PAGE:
Preemption of State Law on Beneficiary Designation

91-1208 / December 1991
Preemption of State Law on Beneficiary Designation

December 23, 1991

Robert S. Bascom
Senior Compliance Specialist
Compliance and Governmental Affairs
New York State Credit Union League, Inc.
Box 15201
Albany, New York 12212-5021

Re: Preemption of New York State Law on Designation of Beneficiary for Shares (Your November 25, 1991, Letter)

Dear Mr. Bascom:

You requested our opinion on whether Section 701.35 of NCUA's Rules and Regulations (the "Regulations") preempts a New York statute that limits the amount that a financial institution may pay upon an account holder's death. In our opinion, the statute is not preempted. You also asked why the NCUA Accounting Manual does not allow the use of a Designation of Beneficiary for Shares with a single ownership account. Please see our response below.



The New York League requested guidance from the State of New York Banking Department on the use of Designation of Beneficiary forms by credit unions. The Banking Department wrote back, indicating that credit unions must comply with Section 1310 of New York's Surrogate's Court Procedure Act when releasing monies pursuant to a Designation of Beneficiary form, and that under that statute, a credit union may not honor a Designation of Beneficiary form if the amount of "debt" (SCPA ~1310(1)(a)(i)) owed to the deceased by all "debtors" (SCPA ~1310(1)(b)), including the credit union, exceeds $10,000.

You interpret the Banking Department's letter to mean that a credit union located in New York may only use a Designation of Beneficiary for Shares if "the aggregate of all deposits does not exceed $10,000." You state that such a limitation could prove cumbersome for credit unions, as an individual's aggregate deposits could exceed $10,000 at any time without a credit union's knowledge.

You suggest that SCPA Section 1310 is preempted by Section 701.35(c) of the Regulations, which permits a federal credit union ("FCU") to determine "all matters affecting the opening, maintaining or closing" of an account, and preempts any state law attempting to regulate such activities. You ask for our opinion on SCPA Section 1310's applicability to both FCUs and federally insured state-chartered credit unions ("FISCUs").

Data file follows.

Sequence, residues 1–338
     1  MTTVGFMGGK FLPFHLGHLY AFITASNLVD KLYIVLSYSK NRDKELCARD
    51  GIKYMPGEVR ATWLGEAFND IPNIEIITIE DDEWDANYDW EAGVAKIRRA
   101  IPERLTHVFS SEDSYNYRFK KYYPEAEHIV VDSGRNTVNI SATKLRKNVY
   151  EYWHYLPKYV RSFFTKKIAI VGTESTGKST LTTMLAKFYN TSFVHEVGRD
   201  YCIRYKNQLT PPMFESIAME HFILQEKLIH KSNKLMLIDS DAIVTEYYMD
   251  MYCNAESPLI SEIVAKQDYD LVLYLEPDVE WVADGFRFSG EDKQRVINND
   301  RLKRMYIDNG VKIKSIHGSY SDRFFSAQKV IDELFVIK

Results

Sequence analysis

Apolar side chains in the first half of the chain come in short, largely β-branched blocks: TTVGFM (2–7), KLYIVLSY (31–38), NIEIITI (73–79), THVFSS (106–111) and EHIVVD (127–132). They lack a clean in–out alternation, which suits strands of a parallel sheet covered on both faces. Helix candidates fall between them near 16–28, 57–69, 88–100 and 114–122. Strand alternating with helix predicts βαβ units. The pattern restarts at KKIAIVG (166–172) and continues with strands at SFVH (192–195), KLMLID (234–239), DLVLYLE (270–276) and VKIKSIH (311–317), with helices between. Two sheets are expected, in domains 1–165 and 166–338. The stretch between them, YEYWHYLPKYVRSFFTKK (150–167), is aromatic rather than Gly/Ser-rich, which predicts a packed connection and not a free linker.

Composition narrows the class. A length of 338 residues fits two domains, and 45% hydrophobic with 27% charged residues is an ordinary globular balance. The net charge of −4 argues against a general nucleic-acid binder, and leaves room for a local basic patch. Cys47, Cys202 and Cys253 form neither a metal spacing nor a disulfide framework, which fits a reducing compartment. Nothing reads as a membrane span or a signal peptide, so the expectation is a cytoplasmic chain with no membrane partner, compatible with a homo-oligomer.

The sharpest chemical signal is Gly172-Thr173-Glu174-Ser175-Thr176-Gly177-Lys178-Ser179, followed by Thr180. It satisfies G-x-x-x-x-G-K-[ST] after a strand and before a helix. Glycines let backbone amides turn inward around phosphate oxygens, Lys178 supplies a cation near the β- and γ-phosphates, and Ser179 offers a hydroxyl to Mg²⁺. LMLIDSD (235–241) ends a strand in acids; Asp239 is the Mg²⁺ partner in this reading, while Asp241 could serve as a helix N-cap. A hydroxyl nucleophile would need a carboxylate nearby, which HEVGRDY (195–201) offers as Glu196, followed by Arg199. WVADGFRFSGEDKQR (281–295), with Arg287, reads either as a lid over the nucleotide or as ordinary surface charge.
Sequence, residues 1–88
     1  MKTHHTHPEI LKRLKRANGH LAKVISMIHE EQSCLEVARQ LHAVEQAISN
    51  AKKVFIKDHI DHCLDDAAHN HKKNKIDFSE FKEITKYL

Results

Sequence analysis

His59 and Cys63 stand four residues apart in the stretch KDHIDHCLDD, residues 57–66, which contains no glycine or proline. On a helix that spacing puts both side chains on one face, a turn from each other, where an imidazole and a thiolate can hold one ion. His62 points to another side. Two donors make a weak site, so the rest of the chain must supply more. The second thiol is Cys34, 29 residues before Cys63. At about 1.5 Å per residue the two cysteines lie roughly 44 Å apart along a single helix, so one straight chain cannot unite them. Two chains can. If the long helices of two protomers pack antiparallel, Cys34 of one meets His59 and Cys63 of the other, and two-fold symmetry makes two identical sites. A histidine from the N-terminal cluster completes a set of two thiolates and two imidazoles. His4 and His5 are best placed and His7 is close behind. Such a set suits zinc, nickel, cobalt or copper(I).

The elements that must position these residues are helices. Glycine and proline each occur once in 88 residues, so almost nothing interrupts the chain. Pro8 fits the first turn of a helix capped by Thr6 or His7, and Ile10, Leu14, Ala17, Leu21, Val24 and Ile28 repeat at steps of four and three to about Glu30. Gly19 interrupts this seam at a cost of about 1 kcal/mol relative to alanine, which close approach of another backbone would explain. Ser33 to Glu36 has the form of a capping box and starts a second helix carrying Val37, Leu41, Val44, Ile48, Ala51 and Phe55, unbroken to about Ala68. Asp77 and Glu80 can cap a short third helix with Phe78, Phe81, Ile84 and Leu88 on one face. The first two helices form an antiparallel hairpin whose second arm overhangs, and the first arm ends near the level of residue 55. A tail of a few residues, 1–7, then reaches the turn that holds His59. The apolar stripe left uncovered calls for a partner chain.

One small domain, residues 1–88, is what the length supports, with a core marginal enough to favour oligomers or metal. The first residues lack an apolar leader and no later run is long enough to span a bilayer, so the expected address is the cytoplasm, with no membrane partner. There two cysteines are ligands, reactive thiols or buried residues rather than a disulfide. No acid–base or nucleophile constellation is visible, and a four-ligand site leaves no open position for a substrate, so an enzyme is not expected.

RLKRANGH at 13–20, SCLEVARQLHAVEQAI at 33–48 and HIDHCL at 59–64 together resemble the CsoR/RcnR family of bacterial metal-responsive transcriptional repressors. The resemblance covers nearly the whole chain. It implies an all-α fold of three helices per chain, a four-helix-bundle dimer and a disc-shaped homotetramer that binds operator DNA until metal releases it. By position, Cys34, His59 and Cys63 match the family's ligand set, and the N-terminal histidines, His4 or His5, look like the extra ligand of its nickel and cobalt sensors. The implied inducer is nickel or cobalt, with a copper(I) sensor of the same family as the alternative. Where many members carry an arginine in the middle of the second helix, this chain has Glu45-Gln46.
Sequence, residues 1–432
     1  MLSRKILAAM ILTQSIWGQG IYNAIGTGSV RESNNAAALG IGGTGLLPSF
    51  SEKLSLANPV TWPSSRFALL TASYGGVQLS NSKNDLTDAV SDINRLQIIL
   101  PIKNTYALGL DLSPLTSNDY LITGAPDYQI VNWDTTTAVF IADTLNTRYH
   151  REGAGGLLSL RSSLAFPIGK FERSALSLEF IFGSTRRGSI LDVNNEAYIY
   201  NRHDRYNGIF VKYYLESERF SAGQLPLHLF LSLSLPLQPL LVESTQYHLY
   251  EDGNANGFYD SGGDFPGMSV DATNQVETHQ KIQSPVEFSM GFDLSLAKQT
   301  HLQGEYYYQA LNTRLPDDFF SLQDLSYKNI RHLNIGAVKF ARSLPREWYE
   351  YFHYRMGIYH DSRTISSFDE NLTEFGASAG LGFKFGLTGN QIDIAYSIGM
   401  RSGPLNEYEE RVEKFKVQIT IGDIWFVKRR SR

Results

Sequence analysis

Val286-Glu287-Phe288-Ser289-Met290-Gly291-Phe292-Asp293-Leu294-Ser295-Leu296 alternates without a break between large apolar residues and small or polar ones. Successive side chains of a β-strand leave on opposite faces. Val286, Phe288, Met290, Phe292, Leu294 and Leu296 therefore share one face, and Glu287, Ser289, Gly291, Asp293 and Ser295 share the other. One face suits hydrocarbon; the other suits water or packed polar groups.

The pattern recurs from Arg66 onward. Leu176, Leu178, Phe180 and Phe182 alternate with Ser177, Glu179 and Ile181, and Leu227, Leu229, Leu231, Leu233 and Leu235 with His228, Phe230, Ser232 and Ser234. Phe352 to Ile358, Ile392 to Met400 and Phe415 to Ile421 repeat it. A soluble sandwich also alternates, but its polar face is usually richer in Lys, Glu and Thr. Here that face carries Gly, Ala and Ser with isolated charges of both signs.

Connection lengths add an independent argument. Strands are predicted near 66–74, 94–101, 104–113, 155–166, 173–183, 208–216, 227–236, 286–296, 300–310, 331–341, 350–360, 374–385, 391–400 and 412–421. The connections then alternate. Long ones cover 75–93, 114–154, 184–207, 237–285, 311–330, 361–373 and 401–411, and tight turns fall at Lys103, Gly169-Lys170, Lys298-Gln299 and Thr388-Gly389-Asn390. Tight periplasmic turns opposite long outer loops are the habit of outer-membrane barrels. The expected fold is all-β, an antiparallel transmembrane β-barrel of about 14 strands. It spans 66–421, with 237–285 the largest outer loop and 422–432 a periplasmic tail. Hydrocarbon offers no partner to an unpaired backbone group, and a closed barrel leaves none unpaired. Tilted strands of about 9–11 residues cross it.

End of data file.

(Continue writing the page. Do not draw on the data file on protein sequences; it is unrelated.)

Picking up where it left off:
We note at the outset that Section 701.35(c) only preempts state laws insofar as they attempt to regulate practices by FCUs. Therefore, even if we were to find that Section 701.35(c) preempts the New York statute, FISCUs would not be affected by our determination and would still have to comply with the statute. In any event, we do not believe that SCPA Section 1310 is preempted.

We have reviewed SCPA Section 1310, and our interpretation differs both from yours and from that of the Banking Department. You state that the statute precludes use of a Designation of Beneficiary for Shares when the aggregate of the deceased's deposits exceeds $10,000. However, what the statute actually provides is that a financial institution may pay only so much from the deceased's account as will bring the aggregate paid to the deceased's representatives by all "debtors" to $10,000. (See, SCPA ~~1310(2) and (3).) As we read the statute, the amount on deposit is irrelevant; it is the amount paid by all debtors that is dispositive. Moreover, nothing in the statute precludes use of Designation of Beneficiary for Shares form.

The Banking Department states that Designation of Beneficiary forms cannot be honored when the aggregate amount of debt owed to the deceased by all debtors exceeds $10,000. We interpret the statute differently. First, as discussed above, the $10,000 limit governs the amount paid, rather than the amount owed. Second, both sections 1310(2) and (3) provide for payments in compliance with the limit. However, by their express terms, Sections 1310(2) and (3) only govern payment "unless otherwise provided by a designation of a beneficiary which is then in effect." Payment under Section 1310 is made only when an affidavit is filed and there is no designation of beneficiary. It seems to us that the designation of beneficiary supersedes the payment rules and limitations of Section 1310(2) and (3). This interpretation is bolstered by the Practice Commentary to Section 1310 (copy enclosed), which states in part, "Note that payment may not be made under this section if there is in effect a valid designation of a beneficiary who is entitled to the debt in question." In our view, if a Designation of Beneficiary for Shares has been filed and is in effect at the time of the account holder's death, the statute does not apply.

Federal preemption of a state statute becomes an issue only when there is a conflict between the federal and state laws. We do not perceive any conflict between SCPA Section 1310 and either the Federal Credit Union Act or NCUA's Regulations. Therefore, we need not address the preemption issue. However, please feel free to contact us if you have further questions regarding this matter.

Accounting Manual

You also asked for the reasoning behind the statement, in Section 5150.12 of the Accounting Manual, to the effect that for a single ownership account, a beneficiary may not be designated to receive the member's shareholdings upon the member's death. While the owner of an individual account may designate a beneficiary to receive his shares upon his death, his doing so changes his account from a single ownership account to a "payable on death" or "testamentary" account. Testamentary accounts are classified separately from single ownership accounts, and their insurance coverage may differ from that of single ownership accounts, depending upon the identity of the beneficiary. You may wish to consult Section 745.4 of the Regulations for an explanation of the insurance coverage for testamentary accounts.


Hattie M. Ulan
Associate General Counsel


SSIC 3320


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